Program February – March 2022
Formes Utiles: A new generation of French designers
JANINE ABRAHAM AND DIRK JAN ROL
January 24 – March 12, 2022
Extended Until March 26, 2022
…forms that manifest the agreement between the constraints of the material and the aspirations of the spirit are useful (and beautiful). - André Hermant, 1959.
The mission of the organisation Formes Utiles, created by the Union des Artistes Modernes (UAM), was to introduce the public to new everyday furniture and objects of quality, of beautiful and functional forms. Founded in 1949 by UAM president René Herbst, André Hermant, Charlotte Perriand and Jacques Dumond, it pursued the ideals and objectives of the 1930s generation that pioneered Modernity in France. After WWII, most young French designers and interior architects were trained by the pioneers of Modernity through schools and design studios, and consequently they readily took up the modernist doctrine, continuing a lineage of ideals concerning technological advancements and innovations in new materials. But above all else, these designers excelled alongside the development of the furniture industry, then booming in France.
Every year, as part of the Salon des Arts Ménagers (SAM) in Paris, the Formes Utiles exhibitions of furniture, lighting and everyday objects continued to champion the modernist concepts developed by these Modernist pioneers:
- The relationship between form and function;
- The relationship between form and structure;
- The notion of functionality;
- The sculptural qualities and significance of form.
Naturally, these concepts influenced the designers’ approach for designing mass-produced furniture and organising space as though they were architects. They approached both disciplines the same way, with the same philosophy, looking at furniture as architecture in itself, according to the same modernist structural principles. Any notion of superfluous decoration or ornamentation was automatically eliminated in favor of purely functional concepts; always under-pinned by a design of great simplicity in the interest of economy of means, necessary for mass production at minimal cost.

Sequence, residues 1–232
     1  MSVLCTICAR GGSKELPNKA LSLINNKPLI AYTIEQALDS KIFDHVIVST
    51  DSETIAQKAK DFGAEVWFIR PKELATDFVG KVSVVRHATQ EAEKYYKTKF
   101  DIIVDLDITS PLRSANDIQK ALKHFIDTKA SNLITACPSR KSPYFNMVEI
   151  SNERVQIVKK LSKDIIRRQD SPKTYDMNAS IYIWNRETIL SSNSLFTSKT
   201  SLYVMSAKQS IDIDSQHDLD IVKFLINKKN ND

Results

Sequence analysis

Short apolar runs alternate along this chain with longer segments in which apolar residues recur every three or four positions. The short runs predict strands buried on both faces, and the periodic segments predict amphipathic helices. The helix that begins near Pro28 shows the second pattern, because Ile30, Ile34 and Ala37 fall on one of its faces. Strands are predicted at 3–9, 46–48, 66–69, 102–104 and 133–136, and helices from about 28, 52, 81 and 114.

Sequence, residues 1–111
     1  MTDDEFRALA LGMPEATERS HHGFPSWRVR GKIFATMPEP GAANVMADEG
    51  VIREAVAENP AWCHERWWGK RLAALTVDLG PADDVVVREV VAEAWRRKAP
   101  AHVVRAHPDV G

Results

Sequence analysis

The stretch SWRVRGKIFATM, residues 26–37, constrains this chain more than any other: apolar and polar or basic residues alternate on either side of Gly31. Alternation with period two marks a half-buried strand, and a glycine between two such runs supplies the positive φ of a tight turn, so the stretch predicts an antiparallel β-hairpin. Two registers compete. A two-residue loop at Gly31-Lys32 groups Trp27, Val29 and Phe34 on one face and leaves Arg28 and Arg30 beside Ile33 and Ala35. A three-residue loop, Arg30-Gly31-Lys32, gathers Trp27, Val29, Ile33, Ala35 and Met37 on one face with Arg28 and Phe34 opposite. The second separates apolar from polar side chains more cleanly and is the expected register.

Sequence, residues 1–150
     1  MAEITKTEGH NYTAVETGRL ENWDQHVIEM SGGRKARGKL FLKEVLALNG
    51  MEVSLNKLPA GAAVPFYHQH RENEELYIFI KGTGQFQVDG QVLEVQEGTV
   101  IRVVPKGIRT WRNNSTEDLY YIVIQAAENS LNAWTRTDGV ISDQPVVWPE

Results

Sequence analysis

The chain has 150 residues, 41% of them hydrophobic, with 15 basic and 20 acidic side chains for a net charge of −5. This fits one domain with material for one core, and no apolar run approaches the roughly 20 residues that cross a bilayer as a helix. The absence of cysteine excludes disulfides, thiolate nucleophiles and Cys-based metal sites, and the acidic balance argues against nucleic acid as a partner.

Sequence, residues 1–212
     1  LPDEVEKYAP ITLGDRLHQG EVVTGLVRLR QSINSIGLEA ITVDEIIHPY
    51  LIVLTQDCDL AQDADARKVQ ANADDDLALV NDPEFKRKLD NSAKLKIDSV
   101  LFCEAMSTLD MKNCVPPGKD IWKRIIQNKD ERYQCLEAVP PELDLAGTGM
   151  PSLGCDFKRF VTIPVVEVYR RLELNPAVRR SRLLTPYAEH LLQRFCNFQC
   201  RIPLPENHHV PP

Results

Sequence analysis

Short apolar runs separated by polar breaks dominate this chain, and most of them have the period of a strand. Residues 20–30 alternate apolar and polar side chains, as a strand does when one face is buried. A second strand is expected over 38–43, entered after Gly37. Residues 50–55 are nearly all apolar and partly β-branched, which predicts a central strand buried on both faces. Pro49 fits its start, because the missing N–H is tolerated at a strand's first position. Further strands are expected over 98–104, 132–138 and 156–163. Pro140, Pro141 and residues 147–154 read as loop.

Demisch Danant’s presentation of Formes Utiles in the Program February – March 2022 exhibition largely contributes to the furthering of the study of what was at the vanguard of French design. A ‘minimalist and functional style’ emerged from these productions. Towards the end of the 1950s, this style found an international echo, particularly in Scandinavia and the US, while maintaining a particularly French quality linked to its deeply rooted tradition of decorative arts and craftsmanship.
The aim of Demisch Danant’s exhibition is to reveal the spirit of Formes Utiles through a rigorous selection of works that follows the criteria outlined above. A certain radicality of design is tempered by the use of natural materials, such as wood, often combined with industrial products such as metal, glass or Formica. Intelligently and efficiently manufactured, the objects displayed reflect and express the use of innovative techniques of the time. The elegance of these creations is often the result of a perfect mastery of proportion and of the balance between form and function.